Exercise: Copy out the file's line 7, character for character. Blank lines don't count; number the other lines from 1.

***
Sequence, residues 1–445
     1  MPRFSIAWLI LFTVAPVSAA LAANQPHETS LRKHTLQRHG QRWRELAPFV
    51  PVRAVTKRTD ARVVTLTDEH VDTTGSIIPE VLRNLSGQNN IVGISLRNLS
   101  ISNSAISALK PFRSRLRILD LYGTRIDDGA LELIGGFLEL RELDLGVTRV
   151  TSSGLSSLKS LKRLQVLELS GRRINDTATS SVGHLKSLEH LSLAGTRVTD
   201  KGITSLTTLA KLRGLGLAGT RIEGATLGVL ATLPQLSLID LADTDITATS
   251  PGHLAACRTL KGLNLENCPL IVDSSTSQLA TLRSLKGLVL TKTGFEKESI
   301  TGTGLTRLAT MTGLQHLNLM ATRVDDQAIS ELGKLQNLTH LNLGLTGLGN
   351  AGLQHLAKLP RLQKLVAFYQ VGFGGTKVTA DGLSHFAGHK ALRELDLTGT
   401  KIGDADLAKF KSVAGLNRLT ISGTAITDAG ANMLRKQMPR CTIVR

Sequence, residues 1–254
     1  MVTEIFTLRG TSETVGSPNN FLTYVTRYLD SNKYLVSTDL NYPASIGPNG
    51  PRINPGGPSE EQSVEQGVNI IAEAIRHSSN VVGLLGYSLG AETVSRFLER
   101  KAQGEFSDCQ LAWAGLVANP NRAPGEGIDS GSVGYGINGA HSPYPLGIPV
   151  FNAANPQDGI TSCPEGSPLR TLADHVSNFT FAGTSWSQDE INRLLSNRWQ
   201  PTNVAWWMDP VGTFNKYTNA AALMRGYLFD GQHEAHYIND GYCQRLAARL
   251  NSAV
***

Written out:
   251  PGHLAACRTL KGLNLENCPL IVDSSTSQLA TLRSLKGLVL TKTGFEKESI